Environment, host, and fungal traits predict continental-scale white-nose syndrome in bats
Product Type:Journal Article
Author(s):Hayman, David T. S., Juliet R.C. Pulliam, Jonathan C. Marshall, Paul M. Cryan and Colleen T. Webb
Suggested Citation:Hayman, David T. S., Juliet R.C. Pulliam, Jonathan C. Marshall, Paul M. Cryan and Colleen T. Webb. 2016. Environment, host, and fungal traits predict continental-scale white-nose syndrome in bats. Science Advances. DOI: 10.1126/sciadv.1500831
White-nose syndrome is a fungal disease killing bats in eastern North America, but disease is not seen in European bats and is less severe in some North American species. We show that how bats use energy during hibernation and fungal growth rates under different environmental conditions can explain how some bats are able to survive winter with infection and others are not. Our study shows how simple but nonlinear interactions between fungal growth and bat energetics result in decreased survival times at more humid hibernation sites; however, differences between species such as body size and metabolic rates determine the impact of fungal infection on bat survival, allowing European bat species to survive, whereas North American species can experience dramatic decline.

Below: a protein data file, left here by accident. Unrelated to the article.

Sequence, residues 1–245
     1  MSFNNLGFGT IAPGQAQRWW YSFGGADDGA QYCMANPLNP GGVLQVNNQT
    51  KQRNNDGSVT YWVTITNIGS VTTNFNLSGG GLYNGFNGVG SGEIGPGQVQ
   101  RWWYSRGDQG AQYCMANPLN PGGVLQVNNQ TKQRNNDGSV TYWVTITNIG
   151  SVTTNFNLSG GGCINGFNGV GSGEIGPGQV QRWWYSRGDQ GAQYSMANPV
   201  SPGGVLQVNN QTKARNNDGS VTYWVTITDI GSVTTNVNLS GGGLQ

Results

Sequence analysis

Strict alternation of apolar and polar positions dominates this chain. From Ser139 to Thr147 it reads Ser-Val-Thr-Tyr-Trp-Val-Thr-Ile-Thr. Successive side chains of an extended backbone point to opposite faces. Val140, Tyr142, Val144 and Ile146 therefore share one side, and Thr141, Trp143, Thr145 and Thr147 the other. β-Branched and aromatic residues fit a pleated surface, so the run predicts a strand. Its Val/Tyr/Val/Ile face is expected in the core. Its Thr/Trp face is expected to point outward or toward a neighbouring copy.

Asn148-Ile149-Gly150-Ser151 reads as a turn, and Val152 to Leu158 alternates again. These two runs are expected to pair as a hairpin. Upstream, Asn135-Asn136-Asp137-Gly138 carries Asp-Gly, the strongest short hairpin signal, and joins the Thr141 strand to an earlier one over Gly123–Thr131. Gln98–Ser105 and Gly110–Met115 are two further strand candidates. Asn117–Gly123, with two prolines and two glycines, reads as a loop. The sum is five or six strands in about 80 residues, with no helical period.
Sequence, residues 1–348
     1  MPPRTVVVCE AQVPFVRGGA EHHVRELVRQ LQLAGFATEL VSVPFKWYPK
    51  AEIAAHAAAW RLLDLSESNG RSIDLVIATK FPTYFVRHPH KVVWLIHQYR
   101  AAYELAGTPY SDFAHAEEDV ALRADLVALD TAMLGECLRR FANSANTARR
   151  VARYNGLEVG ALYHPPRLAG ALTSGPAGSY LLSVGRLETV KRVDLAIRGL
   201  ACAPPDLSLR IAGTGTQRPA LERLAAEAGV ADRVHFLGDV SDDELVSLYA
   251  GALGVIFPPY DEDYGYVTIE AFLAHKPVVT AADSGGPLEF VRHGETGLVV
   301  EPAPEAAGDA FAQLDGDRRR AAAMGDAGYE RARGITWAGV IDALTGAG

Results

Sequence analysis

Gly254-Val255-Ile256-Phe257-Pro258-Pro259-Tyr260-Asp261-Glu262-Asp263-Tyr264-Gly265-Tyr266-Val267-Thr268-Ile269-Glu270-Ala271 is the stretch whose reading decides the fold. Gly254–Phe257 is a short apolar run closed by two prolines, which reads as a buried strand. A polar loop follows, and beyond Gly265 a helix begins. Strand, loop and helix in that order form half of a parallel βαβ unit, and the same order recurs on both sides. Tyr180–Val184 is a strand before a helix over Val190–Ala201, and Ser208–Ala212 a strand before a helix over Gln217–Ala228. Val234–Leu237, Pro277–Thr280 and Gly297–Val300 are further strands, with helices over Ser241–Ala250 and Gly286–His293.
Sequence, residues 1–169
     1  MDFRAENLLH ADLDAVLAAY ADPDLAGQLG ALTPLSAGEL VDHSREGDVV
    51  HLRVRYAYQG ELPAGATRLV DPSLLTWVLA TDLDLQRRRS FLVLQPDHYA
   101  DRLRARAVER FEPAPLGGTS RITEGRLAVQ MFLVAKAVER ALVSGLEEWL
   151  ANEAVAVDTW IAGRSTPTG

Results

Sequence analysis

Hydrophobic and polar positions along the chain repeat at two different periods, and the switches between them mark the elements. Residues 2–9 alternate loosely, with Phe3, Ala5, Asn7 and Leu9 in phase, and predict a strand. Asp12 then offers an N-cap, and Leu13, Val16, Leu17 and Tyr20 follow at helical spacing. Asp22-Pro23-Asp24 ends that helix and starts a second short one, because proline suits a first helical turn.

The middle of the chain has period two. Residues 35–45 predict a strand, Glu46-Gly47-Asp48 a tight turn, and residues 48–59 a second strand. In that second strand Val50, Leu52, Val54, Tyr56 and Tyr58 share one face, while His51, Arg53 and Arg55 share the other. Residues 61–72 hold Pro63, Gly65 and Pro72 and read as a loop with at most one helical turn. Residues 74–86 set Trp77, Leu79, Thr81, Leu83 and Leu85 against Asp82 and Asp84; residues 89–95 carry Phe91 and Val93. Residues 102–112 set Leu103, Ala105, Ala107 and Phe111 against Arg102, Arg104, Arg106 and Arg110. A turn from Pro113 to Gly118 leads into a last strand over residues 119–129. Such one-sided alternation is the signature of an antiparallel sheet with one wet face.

|Ecological Investigations of White-Nose Syndrome in Bats||2017||Paul Cryan|
FORT Contact:Paul Cryan
- Paul Cryan